Waste water drainage

The wastewater discharge Qww according to DIN EN 12056-2, is determined from the sum of the connected loads (DU), taking into account the simultaneity, where K is the guide value for the discharge coefficient. It depends on the type of building and results from the frequency of use of the drainage objects. Qww – wastewater discharge (calculated flow) K – discharge coefficient DU – connection value of unit Qtot – total wastewater discharge Qs – continous wastewater discharge (without simultaneity reduction) From the sum DU, the wastewater discharge Qww can be calculated with the above formula, taking into account the corresponding discharge coefficient K. If the determined wastewater discharge Qww is smaller than the largest connected value of a single drainage object, the latter is decisive (limit value).

Rainwater drainage

r5/2 Five-minute rainfall, which statistically must be expected once in 2 years r5/100 Five-minute rainfall, which statistically must be expected once in 100 years

DIN 1986-100 lists the values for several German cities as examples. The values differ from r5/2 =200 to 250 l/(s ha) or r5/100 = 800 l/(s ha) [1 ha = 10,000 m²]. Information on rain events is available from the local authorities or alternatively from the German weather service. Reference values are given in DIN EN 1986-100 Annex A. If no values are available, rT(n)=200 l/(s ha)should be assumed. For economic reasons and in order to ensure the self-cleaning capability, pipe systems and the associated components of the rainwater drainage system shall be dimensioned for a mean rainfall event. In the scope of DIN 1986-100, the calculated rain is an idealized rain event (block rain) with a constant rain intensity over 5 minutes. The annuality (Tn) to be used for each design case is determined by the task definition. Rainfall events above the calculated rainfall (r5/2) are to be expected as planned. Qs – Rainwater drainage (calculated flow) rT(n) – Dimensioning value according to statistical events C – Characteristic coefficient for type of drainage area A – Size of drainage area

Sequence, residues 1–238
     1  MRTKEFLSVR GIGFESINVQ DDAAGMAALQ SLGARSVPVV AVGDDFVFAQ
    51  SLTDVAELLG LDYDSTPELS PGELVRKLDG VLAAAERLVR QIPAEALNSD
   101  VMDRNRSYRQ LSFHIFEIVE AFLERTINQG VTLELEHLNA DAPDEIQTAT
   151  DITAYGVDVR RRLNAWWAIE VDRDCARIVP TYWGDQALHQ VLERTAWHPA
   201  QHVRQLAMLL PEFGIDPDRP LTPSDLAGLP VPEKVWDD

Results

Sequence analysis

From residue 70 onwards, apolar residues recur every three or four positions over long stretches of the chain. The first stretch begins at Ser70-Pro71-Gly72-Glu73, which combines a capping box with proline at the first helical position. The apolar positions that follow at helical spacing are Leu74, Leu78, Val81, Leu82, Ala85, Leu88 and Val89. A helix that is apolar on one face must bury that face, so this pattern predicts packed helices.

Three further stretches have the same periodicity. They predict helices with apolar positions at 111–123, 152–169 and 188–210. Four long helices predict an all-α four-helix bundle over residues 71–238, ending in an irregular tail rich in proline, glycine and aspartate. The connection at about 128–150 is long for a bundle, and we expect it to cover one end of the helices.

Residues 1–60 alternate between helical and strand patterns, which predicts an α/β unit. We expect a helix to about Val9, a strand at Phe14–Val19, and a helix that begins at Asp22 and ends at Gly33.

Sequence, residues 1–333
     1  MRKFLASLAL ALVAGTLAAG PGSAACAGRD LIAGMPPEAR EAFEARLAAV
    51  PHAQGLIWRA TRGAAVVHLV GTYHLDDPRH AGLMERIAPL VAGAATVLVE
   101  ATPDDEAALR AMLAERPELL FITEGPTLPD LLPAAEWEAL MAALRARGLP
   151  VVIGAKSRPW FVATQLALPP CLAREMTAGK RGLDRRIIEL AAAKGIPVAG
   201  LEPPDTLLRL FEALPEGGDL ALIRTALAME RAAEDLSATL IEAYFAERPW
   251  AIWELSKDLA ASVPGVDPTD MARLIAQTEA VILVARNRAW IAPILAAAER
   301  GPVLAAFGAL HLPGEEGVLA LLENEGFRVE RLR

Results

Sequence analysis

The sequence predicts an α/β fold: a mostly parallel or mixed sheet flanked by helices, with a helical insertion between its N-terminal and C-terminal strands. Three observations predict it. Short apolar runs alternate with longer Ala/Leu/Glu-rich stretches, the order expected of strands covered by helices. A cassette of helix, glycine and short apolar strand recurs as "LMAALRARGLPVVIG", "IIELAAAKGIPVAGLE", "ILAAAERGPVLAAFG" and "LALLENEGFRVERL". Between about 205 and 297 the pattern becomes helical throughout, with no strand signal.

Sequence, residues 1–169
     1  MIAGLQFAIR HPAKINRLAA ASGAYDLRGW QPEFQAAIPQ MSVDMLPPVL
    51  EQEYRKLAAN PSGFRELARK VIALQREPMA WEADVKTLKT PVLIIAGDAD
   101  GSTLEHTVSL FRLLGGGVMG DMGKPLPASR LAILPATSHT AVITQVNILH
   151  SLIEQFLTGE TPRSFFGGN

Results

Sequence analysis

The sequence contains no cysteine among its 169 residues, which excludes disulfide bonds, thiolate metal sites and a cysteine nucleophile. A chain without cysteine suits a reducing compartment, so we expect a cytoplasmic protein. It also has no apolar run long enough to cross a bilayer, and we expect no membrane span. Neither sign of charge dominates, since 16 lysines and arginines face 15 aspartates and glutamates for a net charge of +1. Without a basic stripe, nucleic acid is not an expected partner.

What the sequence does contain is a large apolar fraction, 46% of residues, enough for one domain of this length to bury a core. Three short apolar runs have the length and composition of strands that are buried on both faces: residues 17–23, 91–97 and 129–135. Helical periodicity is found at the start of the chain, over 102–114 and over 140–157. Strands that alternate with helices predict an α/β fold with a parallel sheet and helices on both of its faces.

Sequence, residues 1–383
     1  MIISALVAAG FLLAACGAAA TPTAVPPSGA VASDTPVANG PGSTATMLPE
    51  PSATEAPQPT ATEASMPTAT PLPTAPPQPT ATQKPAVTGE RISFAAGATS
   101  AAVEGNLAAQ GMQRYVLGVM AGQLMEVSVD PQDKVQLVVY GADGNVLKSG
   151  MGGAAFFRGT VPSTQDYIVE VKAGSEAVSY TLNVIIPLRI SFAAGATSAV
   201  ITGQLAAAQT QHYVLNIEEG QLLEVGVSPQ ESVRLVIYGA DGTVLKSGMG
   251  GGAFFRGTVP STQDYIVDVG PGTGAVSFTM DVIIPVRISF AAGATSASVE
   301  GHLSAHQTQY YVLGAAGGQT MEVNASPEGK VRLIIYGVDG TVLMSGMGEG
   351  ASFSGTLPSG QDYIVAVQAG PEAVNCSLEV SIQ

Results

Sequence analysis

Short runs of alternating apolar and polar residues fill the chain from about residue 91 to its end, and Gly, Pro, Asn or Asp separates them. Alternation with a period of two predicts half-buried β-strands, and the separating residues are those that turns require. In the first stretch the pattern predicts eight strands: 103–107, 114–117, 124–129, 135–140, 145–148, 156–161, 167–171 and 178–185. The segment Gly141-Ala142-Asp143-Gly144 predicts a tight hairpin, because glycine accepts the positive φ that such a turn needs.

Calculating the System H-Q Curve

The required pumping head in a branchless pipeline is determined from BERNOULLI’s equation for one-dimensional, stationary flow of incompressible fluids: pin, pout = pressures on suction respectively discharge liquid levels ρ = fluid density g = gravity (9.81 m/s2) Hgeo = static height difference between suction and discharge liquid levels Hl,tot = total pipe friction loss between inlet and outlet areas vin, vout = mean flow velocities at inlet and outlet liquid level areas The mean flow velocities at the inlet and outlet areas are, based on the Continuity Law, mostly insignificantly small and can be neglected, if the tank areas being relatively large compared to those of the pipe work. In this case, above formula will be simplified to: The static portion of the system H-Q curve, that part that is unrelated to the rate of flow, reads: For closed circulating systems this value becomes zero. The total friction losses are the sum of the frictional losses of all components in the suction and delivery piping. They vary, at sufficiently large REYNOLDS numbers, as the square of the flow rate. g = gravity (9.81 m/s2) Hl,tot = total friction loss between inlet and outlet areas vi = mean flow velocities trough pipe cross-section area Ai = characteristic pipe cross-sectional area ζi = friction loss coefficient for pipes, fittings, etc. Q = flow rate k = proportionality factor Under the above stated premises the parabolic system H-Q curve can now be drawn: The proportionality factor k is determined of the specified duty point. The intersection of the system H-Q and the pump H-Q curves defines the actual operating point.